“Not at the cost of human rights” – UN expert warns against more austerity measures for Greece

15 July 2015 by United Nations - Human Rights


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ADDIS ABABA / GENEVA (15 July 2015) – The United Nations Independent Expert on foreign debt and human rights, Juan Pablo Bohoslavsky, today urged the European institutions, the International Monetary Fund and the Greek Government to fully assess the impact on human rights of possible new austerity measures to ensure that they do not come as a cost to human rights.

“I am seriously concerned about voices saying that Greece is in a humanitarian crisis, with shortages in medicines and food,” Mr. Bohoslavsky said from Addis Ababa, Ethiopia, where he is currently participating in the Third International Conference on Financing for Development.

“I hope that the deal struck this week in Brussels will avoid a larger crisis in Greece,” the expert said. “However, further adjustment policies should respect the human rights obligations that are binding not only for the Government of Greece, but as well for the creditor countries and lending institutions. There is real legal risk that some of the harsh austerity measures could be incompatible with European and international human rights law.”

“Priority should be to ensure that everybody in Greece has access to core minimum levels of economic, social and cultural rights, including the right to health care, food and social security,” he added.

The human rights expert said there is a need to integrate social and distributional aspects in debt sustainability analysis to make fully informed decisions before new austerity measures are adopted.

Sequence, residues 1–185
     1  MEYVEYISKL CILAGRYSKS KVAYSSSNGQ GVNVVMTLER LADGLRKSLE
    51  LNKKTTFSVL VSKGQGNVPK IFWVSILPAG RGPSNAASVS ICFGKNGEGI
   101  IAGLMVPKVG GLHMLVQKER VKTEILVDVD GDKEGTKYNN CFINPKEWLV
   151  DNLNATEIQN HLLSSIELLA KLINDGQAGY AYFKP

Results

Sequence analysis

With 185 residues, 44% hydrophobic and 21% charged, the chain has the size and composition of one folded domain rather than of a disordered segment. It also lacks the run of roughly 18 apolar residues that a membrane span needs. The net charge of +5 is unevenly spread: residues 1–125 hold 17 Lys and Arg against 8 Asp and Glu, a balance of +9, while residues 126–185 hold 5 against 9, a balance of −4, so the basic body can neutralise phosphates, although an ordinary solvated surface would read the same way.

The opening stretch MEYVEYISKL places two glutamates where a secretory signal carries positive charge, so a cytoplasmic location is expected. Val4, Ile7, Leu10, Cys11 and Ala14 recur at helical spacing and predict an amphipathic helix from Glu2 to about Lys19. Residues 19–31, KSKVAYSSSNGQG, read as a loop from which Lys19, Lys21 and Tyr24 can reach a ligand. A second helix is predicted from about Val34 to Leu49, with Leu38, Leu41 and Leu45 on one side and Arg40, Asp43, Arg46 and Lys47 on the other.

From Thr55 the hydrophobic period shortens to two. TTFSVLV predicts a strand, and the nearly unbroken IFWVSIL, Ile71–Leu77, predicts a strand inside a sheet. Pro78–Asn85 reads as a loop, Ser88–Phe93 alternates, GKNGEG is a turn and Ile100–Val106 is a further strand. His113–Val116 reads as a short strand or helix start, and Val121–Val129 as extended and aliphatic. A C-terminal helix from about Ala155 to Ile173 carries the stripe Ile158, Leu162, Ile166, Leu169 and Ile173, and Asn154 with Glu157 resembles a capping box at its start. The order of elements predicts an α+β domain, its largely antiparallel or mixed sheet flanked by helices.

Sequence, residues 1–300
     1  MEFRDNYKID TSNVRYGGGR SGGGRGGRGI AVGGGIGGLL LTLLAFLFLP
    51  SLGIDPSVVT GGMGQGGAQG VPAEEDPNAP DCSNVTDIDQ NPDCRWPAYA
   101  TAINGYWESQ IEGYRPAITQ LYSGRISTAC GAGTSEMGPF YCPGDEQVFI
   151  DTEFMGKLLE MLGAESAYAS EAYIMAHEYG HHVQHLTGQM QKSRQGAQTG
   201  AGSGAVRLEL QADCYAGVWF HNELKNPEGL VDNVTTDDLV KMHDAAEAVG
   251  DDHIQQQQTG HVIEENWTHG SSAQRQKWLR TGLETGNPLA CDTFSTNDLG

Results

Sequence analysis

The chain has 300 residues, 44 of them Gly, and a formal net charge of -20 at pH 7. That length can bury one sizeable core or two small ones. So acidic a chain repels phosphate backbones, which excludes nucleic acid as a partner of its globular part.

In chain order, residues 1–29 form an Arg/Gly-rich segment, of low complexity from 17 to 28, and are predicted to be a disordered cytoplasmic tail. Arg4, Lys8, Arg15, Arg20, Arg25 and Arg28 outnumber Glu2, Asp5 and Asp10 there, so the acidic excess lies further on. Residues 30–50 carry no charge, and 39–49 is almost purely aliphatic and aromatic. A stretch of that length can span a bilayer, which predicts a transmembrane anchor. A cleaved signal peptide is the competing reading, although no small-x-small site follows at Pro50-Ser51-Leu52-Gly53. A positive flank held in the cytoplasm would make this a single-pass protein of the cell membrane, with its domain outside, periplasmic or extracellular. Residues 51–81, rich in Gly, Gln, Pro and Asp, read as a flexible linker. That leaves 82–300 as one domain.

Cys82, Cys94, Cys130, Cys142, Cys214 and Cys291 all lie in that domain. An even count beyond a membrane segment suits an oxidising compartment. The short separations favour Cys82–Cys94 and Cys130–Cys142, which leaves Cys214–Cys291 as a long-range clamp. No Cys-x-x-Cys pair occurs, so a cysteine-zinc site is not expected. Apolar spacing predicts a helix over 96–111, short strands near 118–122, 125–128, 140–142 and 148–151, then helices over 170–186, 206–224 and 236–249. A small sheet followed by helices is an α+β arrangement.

“A debt service Debt service The sum of the interests and the amortization of the capital borrowed. burden that may be sustainable from a narrow financial perspective may not be viable at all if one considers the comprehensive concept of sustainable development, which includes the protection of the environment, human rights and social development,” he noted.

“Greece seems to be already in a situation in which insolvency and illiquidity are indistinguishable. As the International Monetary Fund IMF
International Monetary Fund
Along with the World Bank, the IMF was founded on the day the Bretton Woods Agreements were signed. Its first mission was to support the new system of standard exchange rates.

When the Bretton Wood fixed rates system came to an end in 1971, the main function of the IMF became that of being both policeman and fireman for global capital: it acts as policeman when it enforces its Structural Adjustment Policies and as fireman when it steps in to help out governments in risk of defaulting on debt repayments.

As for the World Bank, a weighted voting system operates: depending on the amount paid as contribution by each member state. 85% of the votes is required to modify the IMF Charter (which means that the USA with 17,68% % of the votes has a de facto veto on any change).

The institution is dominated by five countries: the United States (16,74%), Japan (6,23%), Germany (5,81%), France (4,29%) and the UK (4,29%).
The other 183 member countries are divided into groups led by one country. The most important one (6,57% of the votes) is led by Belgium. The least important group of countries (1,55% of the votes) is led by Gabon and brings together African countries.

http://imf.org